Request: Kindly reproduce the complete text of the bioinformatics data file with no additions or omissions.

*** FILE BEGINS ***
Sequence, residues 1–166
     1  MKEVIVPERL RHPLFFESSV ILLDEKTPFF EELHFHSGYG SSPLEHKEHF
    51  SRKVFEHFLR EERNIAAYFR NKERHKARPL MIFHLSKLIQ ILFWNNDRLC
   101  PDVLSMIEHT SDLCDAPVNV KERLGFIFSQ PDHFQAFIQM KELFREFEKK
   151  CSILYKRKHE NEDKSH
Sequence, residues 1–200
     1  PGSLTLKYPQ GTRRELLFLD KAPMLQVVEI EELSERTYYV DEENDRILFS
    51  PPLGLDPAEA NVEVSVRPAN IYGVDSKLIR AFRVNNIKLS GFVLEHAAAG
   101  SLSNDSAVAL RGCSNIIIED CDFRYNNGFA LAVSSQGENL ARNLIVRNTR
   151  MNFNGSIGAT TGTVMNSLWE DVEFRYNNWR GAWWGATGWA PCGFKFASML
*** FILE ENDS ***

Sequence, residues 1–166
     1  MKEVIVPERL RHPLFFESSV ILLDEKTPFF EELHFHSGYG SSPLEHKEHF
    51  SRKVFEHFLR EERNIAAYFR NKERHKARPL MIFHLSKLIQ ILFWNNDRLC
   101  PDVLSMIEHT SDLCDAPVNV KERLGFIFSQ PDHFQAFIQM KELFREFEKK
   151  CSILYKRKHE NEDKSH
Sequence, residues 1–200
     1  PGSLTLKYPQ GTRRELLFLD KAPMLQVVEI EELSERTYYV DEENDRILFS
    51  PPLGLDPAEA NVEVSVRPAN IYGVDSKLIR AFRVNNIKLS GFVLEHAAAG
   101  SLSNDSAVAL RGCSNIIIED CDFRYNNGFA LAVSSQGENL ARNLIVRNTR
   151  MNFNGSIGAT TGTVMNSLWE DVEFRYNNWR GAWWGATGWA PCGFKFASML